#OscarsSoWhite is More Than an AMPAS Problem

I see a lot of people calling the Academy the chicken or the egg of racism in the film industry.  I’m in the crowd that believes it’s both.  Here are just a few reasons:

Inevitability of Whiteness

I think a lot of people would argue that movies get made based on what the Academy will vote for, which is definitely comprised of more than a few people with just the worst cultural worldviews ever (Oh, Nancy).  In my opinion, this has created an environment that is incredibly self-congratulatory to White people, with racism permeating everything outside of the Academy as well as inside. So, for example, while there’s a notoriously heavy White-bias and racism in the Academy itself and what gets nominated/wins, the same goes for film distributors who select what movies get made, what gets funding, and who is cast in them. It creates a kind of rinse-and-repeat pattern; Jennifer Lawrence and Emma Stone are inevitable leading women high profile awards darlings. Gugu Mbatha-Raw and Tessa Thompson should be inevitable, but aren’t, for reasons that make no sense when you put their performances next to each other. Somehow, Idris Elba and David Oyelowo both have zero Oscar nominations, but Bradley Cooper hilariously has THREE, one for playing a notoriously racist sniper in a film that elicited thousands of death threats towards Muslims and Arab-Americans during its theatrical release. Post-American Sniper, Cooper went on to be the lead in three high profile objectively crap films (No dice Booper), yet still somehow remains at the top of the “rumored” lists for the more-inevitable-than-death-and-taxes Indiana Jones reboot.  Elba and Oyelowo also lost their Golden Globes this year to Oscar Issac, who controversially dropped his last name–Hernández- to better play into industry “colorblindness” (that a truly saddening majority of players and press appear to think is something we should aspire to). It’s too easy to argue just from several of the most salient examples that both awards ceremonies and film distributors have a pattern of favoring the same skin color, and since both are related, they both reinforce each other.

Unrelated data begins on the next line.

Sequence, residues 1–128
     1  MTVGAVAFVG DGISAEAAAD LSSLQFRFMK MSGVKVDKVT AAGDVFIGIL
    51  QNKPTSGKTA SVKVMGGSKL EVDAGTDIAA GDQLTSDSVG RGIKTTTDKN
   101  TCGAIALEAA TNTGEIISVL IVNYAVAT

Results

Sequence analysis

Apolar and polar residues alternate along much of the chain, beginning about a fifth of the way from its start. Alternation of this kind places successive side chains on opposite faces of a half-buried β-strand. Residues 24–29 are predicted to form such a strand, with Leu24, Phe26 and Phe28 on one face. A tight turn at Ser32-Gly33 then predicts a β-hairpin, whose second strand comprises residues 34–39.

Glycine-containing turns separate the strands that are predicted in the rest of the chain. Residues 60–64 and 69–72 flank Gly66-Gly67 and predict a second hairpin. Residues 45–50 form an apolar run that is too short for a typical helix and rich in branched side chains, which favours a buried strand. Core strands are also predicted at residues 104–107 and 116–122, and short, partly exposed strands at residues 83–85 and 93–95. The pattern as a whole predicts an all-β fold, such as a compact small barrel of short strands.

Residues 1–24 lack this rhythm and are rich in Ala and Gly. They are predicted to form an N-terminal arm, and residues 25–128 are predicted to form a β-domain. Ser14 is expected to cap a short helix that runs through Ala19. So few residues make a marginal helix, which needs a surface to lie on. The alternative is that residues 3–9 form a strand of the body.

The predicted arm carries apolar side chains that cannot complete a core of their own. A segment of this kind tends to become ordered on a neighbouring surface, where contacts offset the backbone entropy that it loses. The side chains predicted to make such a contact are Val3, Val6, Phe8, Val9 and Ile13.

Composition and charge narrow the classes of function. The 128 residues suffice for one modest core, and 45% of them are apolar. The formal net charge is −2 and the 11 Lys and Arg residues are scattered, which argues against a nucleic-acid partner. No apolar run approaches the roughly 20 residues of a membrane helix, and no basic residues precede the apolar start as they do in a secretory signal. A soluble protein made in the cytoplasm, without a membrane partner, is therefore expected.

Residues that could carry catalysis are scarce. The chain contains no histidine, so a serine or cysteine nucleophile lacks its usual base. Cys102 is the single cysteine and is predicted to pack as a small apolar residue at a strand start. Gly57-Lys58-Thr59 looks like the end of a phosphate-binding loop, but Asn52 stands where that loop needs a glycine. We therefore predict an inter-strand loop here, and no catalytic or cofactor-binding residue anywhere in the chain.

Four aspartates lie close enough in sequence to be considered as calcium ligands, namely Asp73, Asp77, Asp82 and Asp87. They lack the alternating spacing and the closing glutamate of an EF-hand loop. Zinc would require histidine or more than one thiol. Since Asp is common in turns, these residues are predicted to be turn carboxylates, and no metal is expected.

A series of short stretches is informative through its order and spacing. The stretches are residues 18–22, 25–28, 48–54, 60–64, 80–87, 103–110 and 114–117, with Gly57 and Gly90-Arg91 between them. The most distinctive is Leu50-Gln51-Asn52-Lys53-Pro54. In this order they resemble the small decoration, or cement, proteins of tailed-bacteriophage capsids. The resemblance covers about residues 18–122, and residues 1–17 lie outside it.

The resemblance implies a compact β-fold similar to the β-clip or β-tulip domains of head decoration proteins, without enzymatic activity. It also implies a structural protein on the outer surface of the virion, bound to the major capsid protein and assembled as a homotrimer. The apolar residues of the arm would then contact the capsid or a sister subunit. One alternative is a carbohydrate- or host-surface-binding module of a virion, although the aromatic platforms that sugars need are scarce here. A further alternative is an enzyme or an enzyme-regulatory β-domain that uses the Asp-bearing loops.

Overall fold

The Blacklist is Awfully White

Of course, there are lots of factors that play into what films get made in the first place, and that includes writing. Magnificent Queen* Viola Davis laid it out there in her Emmy speech: “You cannot win an Emmy for parts that simply aren’t there,” or even Nate Parker who just broke it down beautifully at Sundance and the lack of roles for Black men that possess integrity “As a Black man, you leave auditions not hoping you get the job, but wondering how you explain it to your family if you do.”  There’s a reason it’s always the Best Actor category that is predominately White and always the one most stacked, and it’s not because non-White men (and women, in their respective category) can’t act or are not working. You’d honestly think it wouldn’t be that difficult to see more scripts on the esteemed Blacklist that don’t insist on White male leads.  Even in 2015, four of the five Best Actor nominees were for playing biopics of famous White men and at least two of the scripts came from the top of the Blacklist (including Chris Kyle portrayed in an unbelievable, unrealistically favorable light, which was perhaps the greatest signifying moment that we are officially scrapping the bottom of the barrel on White Heroes to plaster onto movie screens).  #OscarsSoWhite hit hard that year, but that category was a great reflection as to how AMPAS’ selection plate was already heavily White to begin with.  Believe it or not, AMPAS, I don’t need every 9 out of 10 heroic biopics to be of White men and women.  #OscarBaitSoWhite